How To Choose A Bicycle Helmet: Part One

A bicycle helmet is without a doubt the most important piece of safety equipment for a cyclist. It could make all the difference for someone involved in an accident, protecting the most vital part of their body.

Many helmet shoppers will just pick up the first one they see or choose the one with the lowest price. However, there are far more variables to base this decision off of. When it comes to shopping for a helmet, there is a lot to consider, like the type of riding a person will be doing. Depending on what bike a person has, they’ll likely want a suitable helmet.
Fly Racing Dirt/Park Helmet

Three Different Helmet Designs

  • Sport Bicycle Helmets: These helmets are typically on the cheaper end, giving riders a practical choice for their bike. Sport helmets are perfect for those who want a good value in a cheaper helmet. Anyone who commutes to work with their bike or simply uses it for casual rides will want to go with this option.
  • XLC Mercer HelmetRoad Bicycle Helmets: Helmets for road cyclists tend to be more advanced, giving a rider an aerodynamic option for a long commute across town or even a race. These helmets will also likely feature more ventilation and lighter-weight design when compared to other types of helmets. Typically, the more vents in a helmet, the pricier it will be. Not only will it keep a rider’s head safe in the event of a crash, but it will also keep it cool during a hot ride.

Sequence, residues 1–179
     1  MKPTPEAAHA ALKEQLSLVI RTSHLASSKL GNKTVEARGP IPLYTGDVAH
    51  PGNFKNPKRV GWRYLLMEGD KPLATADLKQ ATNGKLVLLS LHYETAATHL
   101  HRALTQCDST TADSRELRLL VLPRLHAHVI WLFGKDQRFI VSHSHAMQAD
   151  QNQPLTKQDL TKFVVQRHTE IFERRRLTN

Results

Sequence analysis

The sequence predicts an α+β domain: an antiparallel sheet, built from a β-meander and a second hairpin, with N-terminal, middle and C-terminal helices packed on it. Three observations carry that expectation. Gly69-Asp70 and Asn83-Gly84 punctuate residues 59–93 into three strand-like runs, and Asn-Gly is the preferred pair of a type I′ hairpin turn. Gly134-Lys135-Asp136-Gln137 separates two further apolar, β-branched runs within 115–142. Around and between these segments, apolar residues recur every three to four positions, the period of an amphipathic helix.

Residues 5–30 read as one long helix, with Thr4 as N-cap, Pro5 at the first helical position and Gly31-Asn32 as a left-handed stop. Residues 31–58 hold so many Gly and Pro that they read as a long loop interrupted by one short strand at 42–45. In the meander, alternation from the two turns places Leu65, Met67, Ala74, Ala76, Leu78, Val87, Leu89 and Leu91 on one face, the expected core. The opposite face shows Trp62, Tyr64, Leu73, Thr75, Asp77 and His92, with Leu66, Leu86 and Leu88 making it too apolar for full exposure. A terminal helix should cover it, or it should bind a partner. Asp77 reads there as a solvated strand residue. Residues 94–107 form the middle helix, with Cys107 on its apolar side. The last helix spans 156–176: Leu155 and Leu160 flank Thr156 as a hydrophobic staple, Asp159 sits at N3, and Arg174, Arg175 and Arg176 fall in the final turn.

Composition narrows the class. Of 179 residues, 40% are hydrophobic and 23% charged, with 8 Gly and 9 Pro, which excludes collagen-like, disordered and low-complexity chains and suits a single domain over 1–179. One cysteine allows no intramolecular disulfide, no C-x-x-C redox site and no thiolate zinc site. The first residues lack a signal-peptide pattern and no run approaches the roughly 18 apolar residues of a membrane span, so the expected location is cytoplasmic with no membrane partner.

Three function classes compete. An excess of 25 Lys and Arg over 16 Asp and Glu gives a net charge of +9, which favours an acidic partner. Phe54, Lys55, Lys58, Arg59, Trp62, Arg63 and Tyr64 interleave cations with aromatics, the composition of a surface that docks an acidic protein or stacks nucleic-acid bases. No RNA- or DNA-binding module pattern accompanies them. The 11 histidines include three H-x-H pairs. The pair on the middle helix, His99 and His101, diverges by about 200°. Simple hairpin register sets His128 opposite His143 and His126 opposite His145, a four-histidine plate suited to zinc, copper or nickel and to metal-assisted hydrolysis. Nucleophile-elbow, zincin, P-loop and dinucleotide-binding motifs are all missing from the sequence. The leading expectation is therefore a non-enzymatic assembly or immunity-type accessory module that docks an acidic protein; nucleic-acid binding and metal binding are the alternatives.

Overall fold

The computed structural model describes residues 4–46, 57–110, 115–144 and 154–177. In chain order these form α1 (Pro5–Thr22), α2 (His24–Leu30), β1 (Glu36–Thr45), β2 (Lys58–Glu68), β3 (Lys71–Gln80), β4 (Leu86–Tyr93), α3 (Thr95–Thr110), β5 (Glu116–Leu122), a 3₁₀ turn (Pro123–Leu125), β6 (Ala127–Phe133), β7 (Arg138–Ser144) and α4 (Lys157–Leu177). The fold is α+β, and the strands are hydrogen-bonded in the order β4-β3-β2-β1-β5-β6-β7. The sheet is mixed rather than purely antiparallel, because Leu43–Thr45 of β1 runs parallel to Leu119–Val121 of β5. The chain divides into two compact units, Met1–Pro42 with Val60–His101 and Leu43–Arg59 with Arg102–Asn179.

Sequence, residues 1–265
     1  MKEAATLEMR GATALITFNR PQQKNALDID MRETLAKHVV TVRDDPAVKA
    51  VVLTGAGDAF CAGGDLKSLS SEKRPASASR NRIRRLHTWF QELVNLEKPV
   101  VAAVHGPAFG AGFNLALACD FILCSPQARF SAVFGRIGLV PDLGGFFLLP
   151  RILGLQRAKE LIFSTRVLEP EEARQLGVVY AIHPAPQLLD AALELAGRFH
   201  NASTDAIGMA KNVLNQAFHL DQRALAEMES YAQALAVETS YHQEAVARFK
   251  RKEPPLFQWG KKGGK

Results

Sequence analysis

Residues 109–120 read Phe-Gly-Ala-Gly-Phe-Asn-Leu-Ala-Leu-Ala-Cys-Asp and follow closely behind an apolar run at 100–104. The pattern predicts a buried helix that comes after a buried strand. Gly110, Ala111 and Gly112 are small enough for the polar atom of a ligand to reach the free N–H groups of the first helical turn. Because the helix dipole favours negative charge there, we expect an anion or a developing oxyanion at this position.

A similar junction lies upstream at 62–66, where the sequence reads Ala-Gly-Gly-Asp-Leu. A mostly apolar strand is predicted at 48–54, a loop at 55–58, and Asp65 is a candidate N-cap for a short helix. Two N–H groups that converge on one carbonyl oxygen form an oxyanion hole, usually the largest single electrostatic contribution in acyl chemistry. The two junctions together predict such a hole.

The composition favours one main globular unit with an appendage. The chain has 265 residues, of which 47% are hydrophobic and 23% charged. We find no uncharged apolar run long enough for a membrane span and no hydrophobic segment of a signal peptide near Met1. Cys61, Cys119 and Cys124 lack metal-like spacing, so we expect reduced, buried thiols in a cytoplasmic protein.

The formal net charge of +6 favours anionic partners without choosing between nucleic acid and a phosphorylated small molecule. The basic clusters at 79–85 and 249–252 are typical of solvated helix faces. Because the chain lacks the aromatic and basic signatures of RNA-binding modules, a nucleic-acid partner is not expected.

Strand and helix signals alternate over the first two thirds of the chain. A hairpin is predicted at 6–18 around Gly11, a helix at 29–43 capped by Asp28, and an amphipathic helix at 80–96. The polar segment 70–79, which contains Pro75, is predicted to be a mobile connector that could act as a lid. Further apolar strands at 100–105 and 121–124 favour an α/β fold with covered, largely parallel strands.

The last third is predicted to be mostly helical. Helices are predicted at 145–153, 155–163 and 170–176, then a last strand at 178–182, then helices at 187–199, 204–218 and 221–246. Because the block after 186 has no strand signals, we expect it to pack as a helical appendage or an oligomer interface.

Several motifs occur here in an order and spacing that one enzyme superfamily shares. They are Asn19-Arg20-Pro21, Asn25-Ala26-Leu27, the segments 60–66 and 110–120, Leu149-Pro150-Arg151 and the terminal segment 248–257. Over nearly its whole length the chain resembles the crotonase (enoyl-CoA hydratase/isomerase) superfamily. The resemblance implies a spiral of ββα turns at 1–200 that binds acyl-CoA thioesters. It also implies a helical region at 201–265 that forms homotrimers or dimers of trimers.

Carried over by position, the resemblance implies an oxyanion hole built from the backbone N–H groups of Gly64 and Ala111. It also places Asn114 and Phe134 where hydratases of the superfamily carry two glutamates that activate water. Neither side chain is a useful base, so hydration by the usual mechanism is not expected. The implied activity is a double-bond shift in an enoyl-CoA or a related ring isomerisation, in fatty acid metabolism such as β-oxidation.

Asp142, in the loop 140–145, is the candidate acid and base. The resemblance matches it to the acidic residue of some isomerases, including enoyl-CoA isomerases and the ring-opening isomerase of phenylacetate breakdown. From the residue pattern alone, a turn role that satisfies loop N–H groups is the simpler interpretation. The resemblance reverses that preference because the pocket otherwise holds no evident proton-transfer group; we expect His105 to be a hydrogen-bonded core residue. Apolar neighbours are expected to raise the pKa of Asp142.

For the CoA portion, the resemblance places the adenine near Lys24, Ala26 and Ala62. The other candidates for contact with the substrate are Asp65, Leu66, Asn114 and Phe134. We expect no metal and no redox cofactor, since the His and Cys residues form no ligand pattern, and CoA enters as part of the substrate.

• Smith Optics Forefront Dr Bob HelmetMountain Bike Helmets: These helmets are likely more durable than their sport and road counterparts. They often include visors and more coverage for the back of the head. Mountain biking requires a more rugged design, as there are more obstacles to deal with in the woods. These helmets might be a little heavier than, say, a road bike helmet, but they will do the job in keeping a rider safe.

Finding The Perfect Fit

Woman on Mountain BikeBuying a helmet might seem tough. You have so many styles to choose from and a number of features to consider. However, before getting any further with shopping, you’ll want to make sure you find a helmet that fits. Sure, the helmet might look cool or match your bike gear, but if it doesn’t fit you might be putting yourself in danger.

As many helmet shoppers are unaware of the various styles and types of helmets, it’s likely they are unsure how exactly a helmet should fit. This can make all the difference in the performance of helmet in the event of a crash, so it’s clearly important.

Certain helmets are one-size-fits-all, featuring products for both men and women. However, certain helmets do have sizes, so it’s important to get one that fits tightly to the head without feeling constrictive. If someone is in between sizes, it’s best that they go for one that’s smaller, as this will better protect their head than a loose-fitting helmet.

A helmet should fit comfortably and sit on top of your head. It should be a little tight once you buckle your chinstrap – however, not so tight that it’s uncomfortable.

Properly wearing a helmet is essential to it functioning properly. It will ensure you stay comfortable during a hot ride, but more importantly, will protect your head in the event of a crash. A helmet is the most essential piece of safety equipment for a bike rider, so it’s important it fits properly.

Adjusting For Safety And Comfort

Bicycle Road RaceSafety is likely the largest concern when shopping for a helmet. However, comfort is a close second. Most people will likely purchase a one-size-fits-all helmet, as they come with certain features to ensure a rider finds the perfect fit.